I'm trying to set up logstash forwarder, but I have issues with making a proper secure channel. Trying to configure this with two ubuntu (server 14.04) machines running in virtualbox. They are 100% clean (not touched hosts file or installed any other packages other than the required java, ngix, elastisearch, etc, for logstash)

I do not believe this is a logstash issue, but improper handling of certificates or something not set correct either on the logstash ubuntu or forwarder machine.

I generated the keys:

sudo openssl req -x509 -batch -nodes -newkey rsa:2048 -keyout private/logstash-forwarder.key -out certs/logstash-forwarder.crt

My input conf on logstash server:

input {
  lumberjack {
    port => 5000
    type => "logs"
    ssl_certificate => "/etc/pki/tls/certs/logstash-forwarder.crt"
    ssl_key => "/etc/pki/tls/private/logstash-forwarder.key"

Keys were copied to forwarder host, which has the following config.

  "network": {
    "servers": [ "" ],
    "timeout": 15,
    "ssl ca": "/etc/pki/tls/certs/logstash-forwarder.crt"
    "ssl key": "/etc/pki/tls/certs/logstash-forwarder.key"
  "files": [
      "paths": [
      "fields": { "type": "syslog" }

With logstash server running, I 'sudo service logstash-forwarder start' on the forwarder machine, giving me the following repeated error:

Jul  9 05:06:21 ubuntu logstash-forwarder[1374]: 2014/07/09 05:06:21.589762 Connecting to []:5000 (
Jul  9 05:06:21 ubuntu logstash-forwarder[1374]: 2014/07/09 05:06:21.595105 Failed to tls handshake with x509: cannot validate certificate for because it doesn't contain any IP SANs
Jul  9 05:06:22 ubuntu logstash-forwarder[1374]: 2014/07/09 05:06:22.595971 Connecting to []:5000 (
Jul  9 05:06:22 ubuntu logstash-forwarder[1374]: 2014/07/09 05:06:22.602024 Failed to tls handshake with x509: cannot validate certificate for because it doesn't contain any IP SANs

As I mentioned earlier, I do not believe this is a logstash issue, but certificate/machine config issue. Problem is, I can't seem to solve it. Hopefully some clever minds here can help me out?



... Failed to tls handshake with x509: cannot validate certificate for because it doesn't contain any IP SANs

SSL needs identification of the peer, otherwise your connection might be against a man-in-the-middle which decrypts + sniffs/modifies the data and then forwards them encrypted again to the real target. Identification is done with x509 certificates which need to be validated against a trusted CA and which need to identify the target you want to connect to.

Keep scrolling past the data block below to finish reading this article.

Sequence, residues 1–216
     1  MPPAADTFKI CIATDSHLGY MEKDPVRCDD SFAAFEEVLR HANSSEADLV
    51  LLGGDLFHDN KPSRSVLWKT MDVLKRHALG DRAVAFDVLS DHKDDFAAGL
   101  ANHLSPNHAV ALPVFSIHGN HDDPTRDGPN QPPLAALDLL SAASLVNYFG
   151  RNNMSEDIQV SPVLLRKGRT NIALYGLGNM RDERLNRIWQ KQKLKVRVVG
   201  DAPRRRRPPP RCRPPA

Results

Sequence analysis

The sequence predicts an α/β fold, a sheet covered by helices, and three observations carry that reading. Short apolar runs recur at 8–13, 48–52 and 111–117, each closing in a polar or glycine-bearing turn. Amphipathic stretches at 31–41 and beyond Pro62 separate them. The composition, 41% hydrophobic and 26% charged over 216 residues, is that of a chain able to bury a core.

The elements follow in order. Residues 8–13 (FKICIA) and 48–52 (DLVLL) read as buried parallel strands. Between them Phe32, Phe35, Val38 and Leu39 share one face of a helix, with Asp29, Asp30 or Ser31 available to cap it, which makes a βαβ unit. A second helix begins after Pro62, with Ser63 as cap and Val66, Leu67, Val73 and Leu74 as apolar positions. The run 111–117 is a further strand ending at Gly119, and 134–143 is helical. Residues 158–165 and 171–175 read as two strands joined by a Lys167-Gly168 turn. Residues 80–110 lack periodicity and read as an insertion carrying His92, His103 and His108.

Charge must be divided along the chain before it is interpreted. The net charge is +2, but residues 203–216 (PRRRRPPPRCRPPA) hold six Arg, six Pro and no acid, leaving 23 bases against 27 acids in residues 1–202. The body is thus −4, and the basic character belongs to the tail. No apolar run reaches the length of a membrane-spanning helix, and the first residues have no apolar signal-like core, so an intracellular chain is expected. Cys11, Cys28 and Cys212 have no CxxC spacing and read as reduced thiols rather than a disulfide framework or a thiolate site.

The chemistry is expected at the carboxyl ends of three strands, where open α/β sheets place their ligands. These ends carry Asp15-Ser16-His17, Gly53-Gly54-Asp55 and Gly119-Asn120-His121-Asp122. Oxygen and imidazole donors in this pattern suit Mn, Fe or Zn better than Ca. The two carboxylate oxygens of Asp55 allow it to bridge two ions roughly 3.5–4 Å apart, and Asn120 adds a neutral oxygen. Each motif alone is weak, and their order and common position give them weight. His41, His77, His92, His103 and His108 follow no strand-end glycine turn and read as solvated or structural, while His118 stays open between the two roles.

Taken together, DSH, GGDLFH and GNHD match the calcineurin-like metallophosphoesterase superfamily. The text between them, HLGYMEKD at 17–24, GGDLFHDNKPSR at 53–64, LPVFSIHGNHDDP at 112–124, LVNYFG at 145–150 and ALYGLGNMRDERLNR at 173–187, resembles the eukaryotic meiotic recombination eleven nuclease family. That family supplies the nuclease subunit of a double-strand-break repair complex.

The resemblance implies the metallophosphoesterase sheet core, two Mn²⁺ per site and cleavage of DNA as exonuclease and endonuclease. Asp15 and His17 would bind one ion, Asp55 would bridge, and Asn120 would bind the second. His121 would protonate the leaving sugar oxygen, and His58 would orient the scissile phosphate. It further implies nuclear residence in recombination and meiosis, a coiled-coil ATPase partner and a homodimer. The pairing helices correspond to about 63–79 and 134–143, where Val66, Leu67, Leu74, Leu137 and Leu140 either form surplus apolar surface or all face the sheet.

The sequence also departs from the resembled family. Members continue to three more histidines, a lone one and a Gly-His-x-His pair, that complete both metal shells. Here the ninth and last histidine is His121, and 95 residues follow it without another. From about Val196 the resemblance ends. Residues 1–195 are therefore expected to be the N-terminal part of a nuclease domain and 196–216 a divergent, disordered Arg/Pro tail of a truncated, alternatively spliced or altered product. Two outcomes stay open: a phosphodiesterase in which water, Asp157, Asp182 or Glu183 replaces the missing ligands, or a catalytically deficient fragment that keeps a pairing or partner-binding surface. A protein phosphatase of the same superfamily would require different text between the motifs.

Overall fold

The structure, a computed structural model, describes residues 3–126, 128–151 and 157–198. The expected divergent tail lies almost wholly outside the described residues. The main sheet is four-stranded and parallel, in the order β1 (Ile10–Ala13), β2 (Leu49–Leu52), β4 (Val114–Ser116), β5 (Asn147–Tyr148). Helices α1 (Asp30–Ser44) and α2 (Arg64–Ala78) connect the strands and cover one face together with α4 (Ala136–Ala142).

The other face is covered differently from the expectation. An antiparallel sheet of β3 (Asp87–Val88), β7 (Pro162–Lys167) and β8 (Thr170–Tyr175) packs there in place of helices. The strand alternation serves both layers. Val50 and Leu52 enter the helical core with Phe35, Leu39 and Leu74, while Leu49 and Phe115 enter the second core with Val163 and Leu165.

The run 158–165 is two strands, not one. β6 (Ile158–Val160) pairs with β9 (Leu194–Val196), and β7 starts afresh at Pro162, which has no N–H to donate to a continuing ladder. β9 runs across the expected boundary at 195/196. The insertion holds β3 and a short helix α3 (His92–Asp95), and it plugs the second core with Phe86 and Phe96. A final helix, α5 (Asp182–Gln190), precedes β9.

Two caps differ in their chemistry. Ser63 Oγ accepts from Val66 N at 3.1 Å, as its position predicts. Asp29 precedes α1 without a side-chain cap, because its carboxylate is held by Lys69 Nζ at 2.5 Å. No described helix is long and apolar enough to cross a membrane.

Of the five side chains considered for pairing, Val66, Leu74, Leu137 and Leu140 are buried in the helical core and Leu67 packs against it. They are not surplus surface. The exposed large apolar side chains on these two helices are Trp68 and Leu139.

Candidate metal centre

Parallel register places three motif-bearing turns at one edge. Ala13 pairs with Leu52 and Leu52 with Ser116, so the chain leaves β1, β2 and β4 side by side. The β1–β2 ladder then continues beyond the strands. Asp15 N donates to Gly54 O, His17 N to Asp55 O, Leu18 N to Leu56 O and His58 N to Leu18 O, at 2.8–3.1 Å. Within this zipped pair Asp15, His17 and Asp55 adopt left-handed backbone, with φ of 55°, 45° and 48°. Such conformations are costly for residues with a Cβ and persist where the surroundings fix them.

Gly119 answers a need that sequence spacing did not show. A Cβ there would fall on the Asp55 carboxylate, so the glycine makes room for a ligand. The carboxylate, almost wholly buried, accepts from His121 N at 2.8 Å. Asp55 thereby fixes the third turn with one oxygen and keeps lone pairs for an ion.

Usually the target is given as a hostname and this is checked against the subject and subject alternative names of the certificate. In this case your target is a IP. The validate the certifcate successfully the IP must be given n the certificate inside the subject alternative names section, but not as an DNS entry (e.g. hostname) but instead as IP.

So what you need to is:

  1. Edit your /etc/ssl/openssl.cnf on the logstash host - add subjectAltName = IP: in [v3_ca] section.

  2. Recreate the certificate

  3. Copy the cert and key to both hosts

PS Consider adding -days 365 or more to the certificate creation commandline as the default certificate validity is just 30 days and you probably do not want to recreate it every month..

| improve this answer | |
  • Thanks for the quick reply. I generated a new certificate on the server. A quick inspect gives me the following: Issuer: C=AU, ST=Some-State, O=Internet Widgits Pty Ltd, CN= Where 2.107 is the logstash server ip. I then copy the crt and key over to the other machine (forwarder) and apply it to the configuration. Does this sound correct to you? Cause it's still whining about the same thing...:P – connery Jul 9 '14 at 4:53
  • Please ignore my comment above. I have now edited /etc/ssl/openssl.cnf and added subjectAltName=IP: Created a new cert with: 'sudo openssl req -x509 -nodes -newkey rsa:2048 -keyout private/logstash-forwarder.key -out certs/logstash-forwarder.crt' Copied them over and applied config and restart (on both boxes). Unfortunately still the same issue. Having a hard time googling similar cases on this, so hopefully you are able to guide me to the correct path? :) – connery Jul 9 '14 at 5:12
  • 1
    Really the same issue or another error message (like unknown CA or similar)? Please post the essential part of the certificate, e.g. openssl x509 -text from the certificate installed on the server. Please check also with openssl s_client that the server returns the expected certificate and use -CApath with s_client to check that the trust chain can be verified against the configured CA. – Steffen Ullrich Jul 9 '14 at 5:26